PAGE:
They go on to point out the obvious again, that the scores don’t really matter because someone could just be pretending to suck. You’d think this would have come up earlier and they’d have suggested sucking horribly for this very reason.

The Career Tributes naturally get in the eight-to-ten range. Most of the other players average a five. Surprisingly, little Rue comes up with a seven.

Between this and the slingshot thing, it’d be amusing if Rue was a little murder machine.

District 12 comes up last, as usual. Peeta pulls an eight so at least a couple of the Gamemakers must have been watching him.

…he threw weights around. I mean, yeah, it’s good he’s strong, but strength isn’t much if you don’t know how to do anything. He scored as in the career tribute range, with kids who can accurately impale others on spears.

And, of course, Katniss gets an eleven!!!! Yay! Everyone celebrates because this is awesome wait didn’t we just learn high scoring kids tend to die first?

This is the worst thing ever. Even assuming Katniss is a contender, her ideal plan is run, make a bow, shoot people. She isn’t going to survive if anyone targets her first.

I drift off, reprieved, relieved, and with the number eleven still flash­ing behind my eyelids.

It’s just such obvious author interference. Over and over, Katniss must be special, to the point where she just has to get the awesome score even though it’s actually a terrible idea.

She thinks back to when she met Gale.

The only meat I’d shot was a squirrel that had practically run over my toes in its quest for acorns, but the animals would still be afoot when the snow buried my other food sources.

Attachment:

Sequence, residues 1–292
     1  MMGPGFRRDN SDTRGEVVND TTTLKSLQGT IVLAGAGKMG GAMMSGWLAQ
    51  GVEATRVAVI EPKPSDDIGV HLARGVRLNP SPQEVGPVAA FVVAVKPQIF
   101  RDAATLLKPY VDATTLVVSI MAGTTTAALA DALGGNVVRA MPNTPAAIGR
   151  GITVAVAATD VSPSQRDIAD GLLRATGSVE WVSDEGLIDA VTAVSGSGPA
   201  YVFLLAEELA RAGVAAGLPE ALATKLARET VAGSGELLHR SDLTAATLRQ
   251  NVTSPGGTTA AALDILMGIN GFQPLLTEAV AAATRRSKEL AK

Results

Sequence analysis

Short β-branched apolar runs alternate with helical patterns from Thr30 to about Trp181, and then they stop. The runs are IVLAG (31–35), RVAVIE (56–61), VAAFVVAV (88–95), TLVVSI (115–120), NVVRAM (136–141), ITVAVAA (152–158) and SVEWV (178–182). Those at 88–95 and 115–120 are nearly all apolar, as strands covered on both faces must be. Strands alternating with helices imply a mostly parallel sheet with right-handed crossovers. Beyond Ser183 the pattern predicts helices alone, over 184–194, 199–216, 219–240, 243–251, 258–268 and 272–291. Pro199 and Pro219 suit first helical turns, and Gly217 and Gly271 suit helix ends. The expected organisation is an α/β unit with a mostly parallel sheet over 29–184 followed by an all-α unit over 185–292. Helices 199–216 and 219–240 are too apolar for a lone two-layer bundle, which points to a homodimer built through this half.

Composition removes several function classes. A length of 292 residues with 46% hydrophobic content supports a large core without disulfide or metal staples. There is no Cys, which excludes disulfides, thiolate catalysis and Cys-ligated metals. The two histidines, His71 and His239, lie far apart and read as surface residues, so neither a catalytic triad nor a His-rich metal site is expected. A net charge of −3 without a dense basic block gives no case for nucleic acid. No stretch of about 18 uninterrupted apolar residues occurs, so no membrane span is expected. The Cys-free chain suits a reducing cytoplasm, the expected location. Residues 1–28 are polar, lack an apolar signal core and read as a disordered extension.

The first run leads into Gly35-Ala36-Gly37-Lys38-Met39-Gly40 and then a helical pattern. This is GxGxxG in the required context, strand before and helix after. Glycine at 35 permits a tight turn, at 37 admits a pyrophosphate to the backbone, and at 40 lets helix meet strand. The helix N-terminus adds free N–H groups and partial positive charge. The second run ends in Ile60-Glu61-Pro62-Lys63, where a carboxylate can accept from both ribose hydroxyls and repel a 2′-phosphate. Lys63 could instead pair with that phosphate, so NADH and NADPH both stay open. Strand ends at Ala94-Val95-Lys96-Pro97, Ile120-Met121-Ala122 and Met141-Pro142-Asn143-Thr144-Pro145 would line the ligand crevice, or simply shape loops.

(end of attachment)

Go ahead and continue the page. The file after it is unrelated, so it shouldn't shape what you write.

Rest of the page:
Fall animals are fat, winter animals are skinny, and acorns suck as a food source. The animals also have useful skins you can sell for money and then your “other food sources” can include the market.

He was only fourteen, but he cleared six feet and was as good as an adult to me.

I just…how hard is it to figure out that starving people are usually shorter than well fed ones?

He’d lost his father in the same blast that killed mine. In January, I’d stood by while he received his medal of valor in the Justice Building, another oldest child with no father. I remembered his two little brothers clutching his mother, a woman whose swollen belly announced she was just days away from giving birth.

And we know that later he’s still the sole provider, so mothers being completely useless continues.

I’d also like to complain about the whole pregnant mom thing. Yes, I get it’s shorthand for vulnerable. You know what also works perfectly well? A infant with no mom. His mom could have died in that blast because they live in a sucky world where you don’t get maternity leave. The only way you can spin the pregnant woman as the more dramatic option is if you class women and children together, so they’re both pathetic and helpless without his protection.